North Carolina Gov. Roy Cooper said Thursday he will veto legislation that would have funded local efforts to research and remove the chemical GenX from the Cape Fear River on the basis of underfunding.
House Bill 56 allocated $250,000 to UNC-Wilmington for research of GenX, and a total of $185,000 to the Cape Fear River Public Utility Authority to treat and monitor the water supply. The bill also included 19 changes to environmental law, including the repeal of the ban of plastic bags in the Outer Banks.
Cooper said in a statement his decision to veto was due to the lack of funding for the N.C. Department of Health and Human Services and the N.C. Department of Environmental Quality. Together, the agencies requested $2.6 million to hire new experts to address pollutants.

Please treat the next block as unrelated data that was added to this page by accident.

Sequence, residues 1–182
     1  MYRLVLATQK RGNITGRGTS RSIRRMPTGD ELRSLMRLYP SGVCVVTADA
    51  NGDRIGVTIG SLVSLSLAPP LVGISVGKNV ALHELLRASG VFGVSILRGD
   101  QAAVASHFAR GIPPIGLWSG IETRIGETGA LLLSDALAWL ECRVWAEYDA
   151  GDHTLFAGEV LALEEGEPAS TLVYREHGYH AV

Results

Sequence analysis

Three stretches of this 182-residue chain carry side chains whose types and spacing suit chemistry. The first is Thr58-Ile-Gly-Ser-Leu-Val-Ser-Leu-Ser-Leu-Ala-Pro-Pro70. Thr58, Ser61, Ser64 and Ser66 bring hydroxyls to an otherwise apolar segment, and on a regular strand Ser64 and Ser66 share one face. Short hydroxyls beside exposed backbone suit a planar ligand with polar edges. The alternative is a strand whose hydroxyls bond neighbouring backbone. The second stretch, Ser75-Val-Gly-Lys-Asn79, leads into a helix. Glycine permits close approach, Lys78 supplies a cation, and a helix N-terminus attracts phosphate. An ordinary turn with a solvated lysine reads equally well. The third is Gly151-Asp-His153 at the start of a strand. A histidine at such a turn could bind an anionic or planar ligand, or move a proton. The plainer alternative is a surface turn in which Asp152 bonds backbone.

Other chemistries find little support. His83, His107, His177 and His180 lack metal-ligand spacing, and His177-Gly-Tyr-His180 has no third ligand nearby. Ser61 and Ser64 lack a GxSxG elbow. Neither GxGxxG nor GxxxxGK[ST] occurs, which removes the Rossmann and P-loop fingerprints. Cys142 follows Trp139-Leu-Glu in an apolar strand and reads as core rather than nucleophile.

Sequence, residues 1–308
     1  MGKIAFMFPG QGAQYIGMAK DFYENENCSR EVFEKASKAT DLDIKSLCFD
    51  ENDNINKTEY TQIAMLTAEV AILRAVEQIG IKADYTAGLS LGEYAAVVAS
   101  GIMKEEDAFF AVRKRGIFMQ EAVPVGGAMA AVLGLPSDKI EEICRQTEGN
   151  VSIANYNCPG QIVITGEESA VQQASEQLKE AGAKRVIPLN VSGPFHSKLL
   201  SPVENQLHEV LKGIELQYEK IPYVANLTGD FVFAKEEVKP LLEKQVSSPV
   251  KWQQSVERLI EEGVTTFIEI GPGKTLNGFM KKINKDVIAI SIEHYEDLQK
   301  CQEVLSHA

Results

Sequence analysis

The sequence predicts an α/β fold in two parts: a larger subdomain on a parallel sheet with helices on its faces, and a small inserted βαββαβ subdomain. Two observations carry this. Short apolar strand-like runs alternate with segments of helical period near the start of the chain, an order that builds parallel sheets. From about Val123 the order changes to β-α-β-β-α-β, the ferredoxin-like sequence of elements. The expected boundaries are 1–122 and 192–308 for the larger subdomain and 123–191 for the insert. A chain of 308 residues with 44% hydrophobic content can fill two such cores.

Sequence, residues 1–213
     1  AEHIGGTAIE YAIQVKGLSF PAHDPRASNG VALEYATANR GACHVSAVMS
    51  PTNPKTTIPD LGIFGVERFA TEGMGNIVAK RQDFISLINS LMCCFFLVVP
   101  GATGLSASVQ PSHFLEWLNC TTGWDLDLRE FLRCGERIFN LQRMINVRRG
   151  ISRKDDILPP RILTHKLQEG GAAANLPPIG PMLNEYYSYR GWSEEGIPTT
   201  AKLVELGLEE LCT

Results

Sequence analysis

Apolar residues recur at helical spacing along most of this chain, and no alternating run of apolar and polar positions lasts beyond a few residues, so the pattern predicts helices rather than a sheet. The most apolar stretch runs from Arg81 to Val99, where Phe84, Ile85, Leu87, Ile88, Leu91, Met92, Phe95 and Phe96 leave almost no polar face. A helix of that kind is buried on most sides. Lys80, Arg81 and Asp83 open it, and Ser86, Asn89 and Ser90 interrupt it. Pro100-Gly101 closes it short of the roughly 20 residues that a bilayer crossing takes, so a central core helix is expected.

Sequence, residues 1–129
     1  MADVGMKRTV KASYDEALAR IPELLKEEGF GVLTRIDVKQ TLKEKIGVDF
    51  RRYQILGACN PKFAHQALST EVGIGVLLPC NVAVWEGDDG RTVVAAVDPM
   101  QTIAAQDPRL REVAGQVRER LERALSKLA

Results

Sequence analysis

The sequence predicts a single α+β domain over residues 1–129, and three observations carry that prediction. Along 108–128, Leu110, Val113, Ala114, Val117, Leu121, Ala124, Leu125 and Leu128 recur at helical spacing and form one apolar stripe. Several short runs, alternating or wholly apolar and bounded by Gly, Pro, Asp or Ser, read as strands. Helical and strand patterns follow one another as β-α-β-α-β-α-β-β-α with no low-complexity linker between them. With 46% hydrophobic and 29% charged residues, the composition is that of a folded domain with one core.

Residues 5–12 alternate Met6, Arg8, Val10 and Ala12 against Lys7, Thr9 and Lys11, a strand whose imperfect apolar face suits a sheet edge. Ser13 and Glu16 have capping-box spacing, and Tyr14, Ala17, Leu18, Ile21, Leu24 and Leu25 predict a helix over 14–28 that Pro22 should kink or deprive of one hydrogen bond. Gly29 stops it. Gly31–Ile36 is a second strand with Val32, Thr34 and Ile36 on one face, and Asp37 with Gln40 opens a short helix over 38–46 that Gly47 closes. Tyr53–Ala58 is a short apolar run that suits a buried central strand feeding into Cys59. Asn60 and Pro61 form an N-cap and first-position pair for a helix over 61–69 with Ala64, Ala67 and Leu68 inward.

“(House Bill 56) gives the impression of action while allowing the long-term problem to fester,” Cooper said. “And it unnecessarily rolls back other environmental protections for landfills, river basins and our beaches.”
Molly Diggins, the state director of the North Carolina chapter of the Sierra Club, said GenX is an emerging contaminant, meaning it is not well studied or well regulated. Diggins said funding for state agencies is crucial since water supplies across North Carolina are susceptible to emerging contaminants.